What’s the difference between a tweet and a blog post? What about a collection of tweets and a website?
You may start with a description of 140 characters, but while this famous limit still applies, it’s hardly the point anymore.
Twitter Cards (RIP ‘tweets’), are best thought of as ‘action+caption’ and may quickly become the smallest meaningful and shareable unit of the web.
At the heart of each card is its key asset. It may be a photo, a short description of a shared article, an embedded video or a product description but more and more, you’ll find it’s accompanied by a new call to action button.
We’ve already seen these buttons allow sign up to newsletters (easy when Twitter has your email address already) but in another upcoming example, Twitter Cards can provide a “call” button, creating an immediate way to contact customer support or nurture incoming enquiries about your business.
That move also makes sense given many users have already registered a mobile number on their profile.
But the next phase gets serious. Square is apparently in talks to introduce the first ‘buy’ buttons directly in Cards, bringing impulse purchases to a new level of convenience.
Whatever function you can already achieve on the web, Twitter will be working with partners to include it as an option on Cards. And these cards can be curated into selections and embedded anywhere.
This is part of the atomisation currently sweeping through the whole web, accelerated by the ubiquity of mobile.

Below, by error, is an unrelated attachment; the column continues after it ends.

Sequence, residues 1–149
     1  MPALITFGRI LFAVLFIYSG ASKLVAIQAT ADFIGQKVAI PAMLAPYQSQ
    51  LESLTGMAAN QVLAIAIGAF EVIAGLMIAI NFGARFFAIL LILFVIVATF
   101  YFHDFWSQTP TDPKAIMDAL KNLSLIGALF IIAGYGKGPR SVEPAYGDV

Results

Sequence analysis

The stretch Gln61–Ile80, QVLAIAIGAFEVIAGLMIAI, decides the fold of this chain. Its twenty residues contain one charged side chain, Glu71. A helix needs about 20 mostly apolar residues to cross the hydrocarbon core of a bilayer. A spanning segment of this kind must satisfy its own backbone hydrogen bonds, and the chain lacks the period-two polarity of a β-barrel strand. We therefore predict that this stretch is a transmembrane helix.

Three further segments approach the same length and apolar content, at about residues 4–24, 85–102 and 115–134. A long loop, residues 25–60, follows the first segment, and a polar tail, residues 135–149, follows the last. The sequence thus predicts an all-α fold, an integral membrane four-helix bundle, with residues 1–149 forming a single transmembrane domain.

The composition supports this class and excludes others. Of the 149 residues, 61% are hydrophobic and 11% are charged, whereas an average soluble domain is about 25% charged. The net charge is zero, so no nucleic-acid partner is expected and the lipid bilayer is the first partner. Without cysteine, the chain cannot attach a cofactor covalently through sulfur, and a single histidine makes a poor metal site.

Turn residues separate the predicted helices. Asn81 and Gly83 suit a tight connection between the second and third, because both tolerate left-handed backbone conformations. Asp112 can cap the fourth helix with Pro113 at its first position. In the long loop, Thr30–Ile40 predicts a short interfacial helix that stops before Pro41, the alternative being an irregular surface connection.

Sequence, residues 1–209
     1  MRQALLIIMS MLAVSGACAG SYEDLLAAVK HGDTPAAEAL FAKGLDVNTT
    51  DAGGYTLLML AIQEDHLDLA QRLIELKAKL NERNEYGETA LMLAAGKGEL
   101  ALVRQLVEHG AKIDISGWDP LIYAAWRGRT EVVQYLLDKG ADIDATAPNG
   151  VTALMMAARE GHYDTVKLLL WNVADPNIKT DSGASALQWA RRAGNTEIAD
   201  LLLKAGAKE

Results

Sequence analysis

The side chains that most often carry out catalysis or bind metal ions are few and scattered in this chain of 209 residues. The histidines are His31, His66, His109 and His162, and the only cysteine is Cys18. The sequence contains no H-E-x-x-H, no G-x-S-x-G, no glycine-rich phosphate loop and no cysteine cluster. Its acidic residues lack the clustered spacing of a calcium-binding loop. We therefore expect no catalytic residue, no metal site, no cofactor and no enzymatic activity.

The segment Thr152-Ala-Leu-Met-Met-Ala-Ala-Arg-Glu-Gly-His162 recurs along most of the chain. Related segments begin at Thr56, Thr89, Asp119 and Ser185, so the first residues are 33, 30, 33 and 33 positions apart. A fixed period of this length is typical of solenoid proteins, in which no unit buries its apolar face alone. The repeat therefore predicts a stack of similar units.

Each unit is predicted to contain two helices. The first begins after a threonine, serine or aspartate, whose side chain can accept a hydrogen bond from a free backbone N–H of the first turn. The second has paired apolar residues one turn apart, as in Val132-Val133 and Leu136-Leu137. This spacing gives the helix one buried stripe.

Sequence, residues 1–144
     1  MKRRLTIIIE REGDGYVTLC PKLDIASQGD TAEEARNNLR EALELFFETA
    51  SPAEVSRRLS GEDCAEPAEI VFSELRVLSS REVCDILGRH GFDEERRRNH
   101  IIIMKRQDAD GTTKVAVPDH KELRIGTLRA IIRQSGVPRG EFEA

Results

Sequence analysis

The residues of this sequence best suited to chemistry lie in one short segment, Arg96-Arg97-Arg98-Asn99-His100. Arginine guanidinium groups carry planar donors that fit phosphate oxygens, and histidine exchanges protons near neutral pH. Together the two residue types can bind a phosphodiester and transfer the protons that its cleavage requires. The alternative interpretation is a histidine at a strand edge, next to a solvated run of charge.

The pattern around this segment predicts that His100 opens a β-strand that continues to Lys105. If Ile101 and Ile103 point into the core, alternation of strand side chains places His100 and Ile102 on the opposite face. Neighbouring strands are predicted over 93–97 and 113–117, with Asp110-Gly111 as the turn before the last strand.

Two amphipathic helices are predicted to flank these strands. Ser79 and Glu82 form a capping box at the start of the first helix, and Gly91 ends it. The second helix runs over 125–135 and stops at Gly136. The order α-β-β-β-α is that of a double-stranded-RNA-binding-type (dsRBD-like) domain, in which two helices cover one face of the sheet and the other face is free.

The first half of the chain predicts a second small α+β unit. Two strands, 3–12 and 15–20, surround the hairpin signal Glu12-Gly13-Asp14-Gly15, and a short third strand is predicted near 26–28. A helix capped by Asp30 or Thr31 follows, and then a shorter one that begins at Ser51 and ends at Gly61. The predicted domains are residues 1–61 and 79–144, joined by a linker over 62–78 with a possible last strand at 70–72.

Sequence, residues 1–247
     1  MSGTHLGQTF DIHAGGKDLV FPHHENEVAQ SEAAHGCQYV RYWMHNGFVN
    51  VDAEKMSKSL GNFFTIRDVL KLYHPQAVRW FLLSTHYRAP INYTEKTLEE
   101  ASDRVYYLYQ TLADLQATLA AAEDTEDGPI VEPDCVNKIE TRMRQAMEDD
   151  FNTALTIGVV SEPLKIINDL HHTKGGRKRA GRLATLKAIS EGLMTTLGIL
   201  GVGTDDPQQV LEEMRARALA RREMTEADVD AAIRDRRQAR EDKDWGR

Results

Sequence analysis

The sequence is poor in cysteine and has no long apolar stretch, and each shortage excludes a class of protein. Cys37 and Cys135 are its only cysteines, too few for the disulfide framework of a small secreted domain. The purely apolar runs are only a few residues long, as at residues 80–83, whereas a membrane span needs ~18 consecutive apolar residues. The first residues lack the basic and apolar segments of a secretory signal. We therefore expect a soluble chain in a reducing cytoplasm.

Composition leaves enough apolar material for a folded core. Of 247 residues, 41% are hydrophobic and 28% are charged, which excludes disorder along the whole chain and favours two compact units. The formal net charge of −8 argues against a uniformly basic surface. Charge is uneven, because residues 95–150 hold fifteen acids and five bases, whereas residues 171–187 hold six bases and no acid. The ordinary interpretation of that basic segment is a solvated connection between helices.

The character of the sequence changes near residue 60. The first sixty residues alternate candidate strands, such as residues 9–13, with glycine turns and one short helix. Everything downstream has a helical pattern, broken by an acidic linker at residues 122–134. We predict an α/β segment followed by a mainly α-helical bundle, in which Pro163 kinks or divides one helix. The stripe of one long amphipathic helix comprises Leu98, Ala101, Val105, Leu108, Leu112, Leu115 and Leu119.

As that happens, the question of authorship becomes more important. A new Twitter profile design has already leaked that emphasises the most popular recent Cards from that user and give them an opportunity to curate them by hand. And wouldn’t a Card look nicer on a smartwatch than a web page?
Furthermore, because Twitter Cards can be based on existing metadata of websites, they can be simply generated at scale. For example, Amazon can immediately translate any product listing into an accompanying Card.
At that stage, what’s to stop you making a page of the cards, searching by its metadata and cutting out the middle man? Or creating a simple shopfront by creating a search filter of friends’ “Buy” cards?
So let’s ask again: what’s the difference between a news site and the collection of its stories’ Twitter Cards? The answer is they’re easier to digest, share and interact with than almost any other format so far.
So where does this leave us? Cards are the mobile language of the web. They’re springing up everywhere from Google Now to iOS and beyond.
But Twitter is in a unique position to encapsulate these small calls to action in the simplest, most platform-agnostic and shareable way.
As the web breaks down into smaller and smaller pieces, and wearables are simplifying hardware alongside it, Twitter Cards are in the right place at the right time to create a new kind of web.